\tin-tih-nab-yuh-LAY-shuhn\, noun:
A tinkling sound, as of a bell or bells.

What a strange word.

What an emotional day.

This morning after teaching the 7th grade boys, I lost it. I saw my lead teacher in the hallway, explained some of the morning, and started crying. I had to go stand by the window in a third floor office and pull myself together before heading to the next grade. The 7th grade class wasn’t even that bad. They have calmed down a little since a veteran teacher came in and read them the riot act. One of the most problematic boys – the one who punched me in the face – did much better, since I have rearranged seating and have him right at the front next to me. But a lot of the class is still in revolt.The kids who are following directions and doing a good job are getting bored and restless, because I’m spending so much time doing crowd control.

I feel helpless. It was a very bad morning. I spent lunch break as a snotty mess. But in the afternoon I pulled myself together and had some very good moments.

We used our newfound vocabulary of animals and colors to talk about pets in one of the 5th grade classes yesterday, which opened an emotional can of worms. I had three kids in tears because their pets died or ran away. Note to self: start with the zoo next time? Something less emotionally charged? Today I veered away from tragedy and had them sorting out the color and animal words, to see if they could figure out a pattern. They figured out the noun-adjective agreement all by themselves. One girl who spent all of yesterday crying about her dog came up to me today to say thank you; she had a fun time and felt much better.

My last class of the day is the 2nd grade. It’s a crazy class. Bad time of day + tired, young kids + tired teacher + a few rowdy kids in particular = an entire rowdy class. Today they got to crawl around being “burros” while practicing Spanish vowel sounds. There was some chattiness, and they lost all their free time due to talking, and I had to call home for two students… but that was all, and in comparison, that is a good day for them.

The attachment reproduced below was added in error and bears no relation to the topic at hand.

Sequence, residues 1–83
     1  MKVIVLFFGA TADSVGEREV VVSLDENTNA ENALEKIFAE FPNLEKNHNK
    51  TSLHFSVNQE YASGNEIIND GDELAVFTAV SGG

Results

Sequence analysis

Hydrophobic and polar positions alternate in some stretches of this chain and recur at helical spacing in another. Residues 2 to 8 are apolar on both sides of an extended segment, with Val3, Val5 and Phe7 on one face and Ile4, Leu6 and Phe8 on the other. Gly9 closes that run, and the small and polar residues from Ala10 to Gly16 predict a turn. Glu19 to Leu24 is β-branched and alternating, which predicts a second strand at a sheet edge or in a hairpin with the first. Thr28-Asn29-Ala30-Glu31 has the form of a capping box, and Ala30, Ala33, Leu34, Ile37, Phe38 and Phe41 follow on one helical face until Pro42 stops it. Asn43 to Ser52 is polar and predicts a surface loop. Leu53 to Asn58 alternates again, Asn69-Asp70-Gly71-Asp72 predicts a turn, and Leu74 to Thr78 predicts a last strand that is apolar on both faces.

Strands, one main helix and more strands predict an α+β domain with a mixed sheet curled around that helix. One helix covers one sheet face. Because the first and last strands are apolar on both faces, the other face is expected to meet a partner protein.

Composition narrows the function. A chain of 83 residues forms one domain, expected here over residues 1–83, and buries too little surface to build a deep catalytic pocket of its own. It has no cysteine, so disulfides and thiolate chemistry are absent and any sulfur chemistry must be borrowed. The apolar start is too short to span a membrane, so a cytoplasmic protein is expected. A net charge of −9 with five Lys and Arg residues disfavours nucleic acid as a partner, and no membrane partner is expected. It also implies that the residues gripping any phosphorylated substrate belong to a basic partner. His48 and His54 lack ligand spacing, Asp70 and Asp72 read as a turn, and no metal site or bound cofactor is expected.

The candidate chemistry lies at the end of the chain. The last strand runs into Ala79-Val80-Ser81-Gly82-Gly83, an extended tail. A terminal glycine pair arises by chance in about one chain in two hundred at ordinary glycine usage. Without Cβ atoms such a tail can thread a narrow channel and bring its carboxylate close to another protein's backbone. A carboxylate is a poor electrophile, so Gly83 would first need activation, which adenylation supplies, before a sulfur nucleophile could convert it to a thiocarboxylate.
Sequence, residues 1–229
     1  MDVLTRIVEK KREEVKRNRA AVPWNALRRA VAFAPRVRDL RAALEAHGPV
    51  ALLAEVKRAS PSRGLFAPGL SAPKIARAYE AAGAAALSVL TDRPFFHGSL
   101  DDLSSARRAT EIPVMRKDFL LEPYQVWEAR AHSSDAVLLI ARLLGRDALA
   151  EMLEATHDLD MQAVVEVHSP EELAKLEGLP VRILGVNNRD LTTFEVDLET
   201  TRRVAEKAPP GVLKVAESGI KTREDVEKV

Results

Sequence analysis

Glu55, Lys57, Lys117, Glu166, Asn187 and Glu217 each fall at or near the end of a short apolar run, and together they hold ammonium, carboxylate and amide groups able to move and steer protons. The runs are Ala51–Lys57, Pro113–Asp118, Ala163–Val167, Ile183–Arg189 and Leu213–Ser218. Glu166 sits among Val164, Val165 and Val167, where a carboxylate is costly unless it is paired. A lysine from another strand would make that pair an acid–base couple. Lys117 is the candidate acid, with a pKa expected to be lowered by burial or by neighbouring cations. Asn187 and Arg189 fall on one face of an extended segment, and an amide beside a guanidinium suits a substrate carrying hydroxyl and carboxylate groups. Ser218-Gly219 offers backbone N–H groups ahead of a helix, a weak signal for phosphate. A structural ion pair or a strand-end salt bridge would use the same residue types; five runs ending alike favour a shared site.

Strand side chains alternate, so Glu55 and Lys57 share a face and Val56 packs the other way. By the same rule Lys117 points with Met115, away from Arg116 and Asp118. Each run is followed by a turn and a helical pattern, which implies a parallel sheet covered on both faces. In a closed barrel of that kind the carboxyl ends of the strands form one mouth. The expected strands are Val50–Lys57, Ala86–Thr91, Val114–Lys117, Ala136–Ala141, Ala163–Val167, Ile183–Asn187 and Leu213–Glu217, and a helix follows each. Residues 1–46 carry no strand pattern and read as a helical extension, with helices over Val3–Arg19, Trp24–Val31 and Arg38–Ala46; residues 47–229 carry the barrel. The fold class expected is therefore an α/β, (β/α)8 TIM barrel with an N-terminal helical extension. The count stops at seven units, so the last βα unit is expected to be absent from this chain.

I left a sweater in the 2nd grade room, and went back to get it after dismissal. I walked past all the kids lined up outside, and a few of my students came up and hugged me. One girl, one of three kindergartners who I made cry today, hugged my legs and said “I love you, Ms. K!” Another line of first graders was going by, and several of the kids waved at me and two of them ran up to hug me… except this was a class I haven’t had yet, and kids who don’t even know me.

Amused by this, I made my way back to the classroom, but was distracted out in the hallway by the 2nd graders’ “About Me” sheets that the teacher had posted on the wall. It was a list of sentences for each student to complete, with different answers from each:

I like… (cookies, chocolate, games)
I need… (family, food, mom)
I fear… (cats, dark, spiders, “zombaes”…!)

But next to “I give,” just about every kid had written “Love.”

It was a very significant reminder for me, of what it’s like to teach little kids. They’re very fragile and need and want and do a thousand different things, but they’re still so open at that age. They’re still ready to learn anything and love anyone.

As an aside, not one of the 7th grade boys came up and hugged me or told me they loved me… ha ha.

But it was a good end to a bad day. I need to keep my perspective intact, even more than my composure.

I need some food. I need some sleep. I need the weekend to get here.


5 Responses to Tintinnabulation

  1. nkelber says:

    Lucky the little ones remind us what’s important.

  2. d.cous. says:

    Hi Sara! Thanks so much for keeping friends abreast of your situation with this blog, you have a gift for storytelling, in addition to your poetry. I need to come out and visit you and buy you a beer, it sounds like you’re having a rough time. Aside from writing lesson plans like crazy, how are your evenings? Any free time?

  3. saracita says:

    Well, this way you can teach vicariously. It’s less stressful.

    My evenings are pretty free; I usually spend them lesson planning/working and then go to bed. I would love to see you(s). I’m out in Ypsi-area on Sundays, also. How is married life going? How’s the apartment? More importantly, do you have an in-sink-erator?

  4. d.cous. says:

    Does that extend to Sunday evening? I think we’re free in the evening. Married life is really great, though I get asked that question often enough that I’m always tempted to just say “meh” and see how they react. The apartment is pretty nice (complete with in-sink-erator), a heck of a lot nicer than it was when I lived there on my own. We have furniture and everything ­čÖé

  5. saracita says:

    Sorry for asking a cliche question. Saying something indifferent or downright creepy might deter the question, indeed.

    As for Sunday nights, I am around for a 4pm bible study and after that am free… I just try not to drive back to Hazel Park too late.

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